“Are you so frightened, child?” I asked. “I have been through many subterranean passages, though none so long and dark as this. But you see our lamp lights up not only the boat but the whole vault around and before us, and there can be no danger whatever.”
“I am frightened, though,” she said, “I cannot help it. I never saw anything of the kind before; and the darkness behind and before us, and the black water on either side, do make me shiver.”
“Stop!” I called to the boatman.
“Now, Eveena,” I said, “I do not care to persist in this journey if it really distresses you. I wished to see so wonderful a work of engineering; but, after all, I have been in a much uglier and more wonderful place, and I can see nothing here stranger than when I was rowed for three-quarters of a mile on the river in the Mammoth Cave. In any case I shall see little but a continuation of what I see already; so if you cannot bear it, we will go back.”
By this time Esmo, who had been in the bows, had joined us, wishing to know why I had stopped the boat.
“This child,” I said, “is not used to travelling, and the tunnel frightens her; so that I think, after all, we had better take the usual course across the mountains.”
“Nonsense!” he answered. “There is no danger here; less probably than in an ordinary drive, certainly less than in a balloon. Don’t spoil her, my friend. If you begin by yielding to so silly a caprice as this, you will end by breaking her heart before the two years are out.”
“Do go on,” whispered Eveena. “I was very silly; I am not so frightened now, and if you will hold me fast, I will not misbehave again.”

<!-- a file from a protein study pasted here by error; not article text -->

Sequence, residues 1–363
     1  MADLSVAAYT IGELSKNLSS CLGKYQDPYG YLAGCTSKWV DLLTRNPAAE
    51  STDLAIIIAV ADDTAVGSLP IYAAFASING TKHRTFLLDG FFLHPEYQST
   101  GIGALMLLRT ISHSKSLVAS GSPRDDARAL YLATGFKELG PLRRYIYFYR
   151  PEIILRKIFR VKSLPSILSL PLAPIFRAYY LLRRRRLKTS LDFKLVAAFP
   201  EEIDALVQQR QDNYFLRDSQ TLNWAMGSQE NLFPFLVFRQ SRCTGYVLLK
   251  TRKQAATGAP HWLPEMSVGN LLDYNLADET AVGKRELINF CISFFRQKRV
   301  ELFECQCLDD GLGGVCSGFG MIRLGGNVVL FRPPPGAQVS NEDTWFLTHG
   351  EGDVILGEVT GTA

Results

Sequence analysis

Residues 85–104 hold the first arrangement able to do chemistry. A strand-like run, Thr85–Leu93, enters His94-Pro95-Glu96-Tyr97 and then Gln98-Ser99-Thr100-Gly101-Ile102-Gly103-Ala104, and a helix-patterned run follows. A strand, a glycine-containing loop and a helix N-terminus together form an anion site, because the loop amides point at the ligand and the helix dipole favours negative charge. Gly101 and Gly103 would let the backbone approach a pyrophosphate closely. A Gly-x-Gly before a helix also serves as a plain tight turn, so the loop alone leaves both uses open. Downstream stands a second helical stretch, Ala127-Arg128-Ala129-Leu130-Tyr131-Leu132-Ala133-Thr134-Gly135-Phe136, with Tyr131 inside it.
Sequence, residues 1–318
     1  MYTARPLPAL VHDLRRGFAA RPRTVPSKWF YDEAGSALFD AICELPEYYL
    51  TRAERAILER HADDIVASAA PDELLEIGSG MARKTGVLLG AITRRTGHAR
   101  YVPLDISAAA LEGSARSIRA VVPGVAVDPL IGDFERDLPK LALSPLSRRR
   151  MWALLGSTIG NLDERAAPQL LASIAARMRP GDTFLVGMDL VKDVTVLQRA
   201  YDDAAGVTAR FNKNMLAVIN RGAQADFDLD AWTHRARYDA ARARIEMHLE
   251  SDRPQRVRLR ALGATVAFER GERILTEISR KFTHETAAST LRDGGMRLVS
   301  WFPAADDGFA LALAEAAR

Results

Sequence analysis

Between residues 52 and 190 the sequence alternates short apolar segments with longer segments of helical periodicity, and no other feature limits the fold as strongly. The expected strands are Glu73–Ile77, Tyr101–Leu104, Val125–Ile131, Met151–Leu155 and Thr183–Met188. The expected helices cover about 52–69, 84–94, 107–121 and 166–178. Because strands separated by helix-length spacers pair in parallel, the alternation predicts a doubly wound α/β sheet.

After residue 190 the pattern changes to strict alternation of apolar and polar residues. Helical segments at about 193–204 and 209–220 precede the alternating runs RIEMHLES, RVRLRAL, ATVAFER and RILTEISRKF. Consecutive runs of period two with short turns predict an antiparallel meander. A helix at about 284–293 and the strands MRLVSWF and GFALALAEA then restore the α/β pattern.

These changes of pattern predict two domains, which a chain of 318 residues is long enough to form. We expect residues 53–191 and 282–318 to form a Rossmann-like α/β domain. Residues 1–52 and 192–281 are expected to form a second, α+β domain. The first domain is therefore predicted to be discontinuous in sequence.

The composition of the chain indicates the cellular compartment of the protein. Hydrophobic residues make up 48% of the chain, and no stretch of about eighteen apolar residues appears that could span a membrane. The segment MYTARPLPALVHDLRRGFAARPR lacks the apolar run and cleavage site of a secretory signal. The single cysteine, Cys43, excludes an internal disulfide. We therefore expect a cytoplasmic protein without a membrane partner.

Esmo had taken the matter out of my hands, desiring the boatman to proceed; and though I sympathised with my bride’s feminine terror much more than her father appeared to do, I was selfishly anxious, in spite of my declaration that there could be no novelty in this tunnel, to see one thing certainly original—the means by which so narrow and so long a passage could be efficiently ventilated. The least I could do, however, was to appease Eveena’s fear before turning my attention to the objects of my own curiosity. The presence of physical strength, which seemed to her superhuman, produced upon her nerves the quieting effect which, however irrationally, great bodily force always exercises over women; partly, perhaps, from the awe it seems to inspire, partly from a yet more unreasonable but instinctive reliance on its protection even in dangers against which it is obviously unavailing.
Presently a current of air, distinctly warmer than that of the tunnel, which had been gradually increasing in force for some minutes, became so powerful that I could no longer suppose it accidental. Kevima being near us, I asked him what it meant.
“Ventilation,” he answered. “The air in these tunnels would be foul and stagnant, perhaps unbreathable, if we did not drive a constant current of air through them. You did not notice, a few yards from the entrance, a wheel which drives a large fan. One of these is placed at every half mile, and drives on the air from one end of the tunnel to the other. They are reversed twice in a zyda, so that they may create no constant counter-current outside.”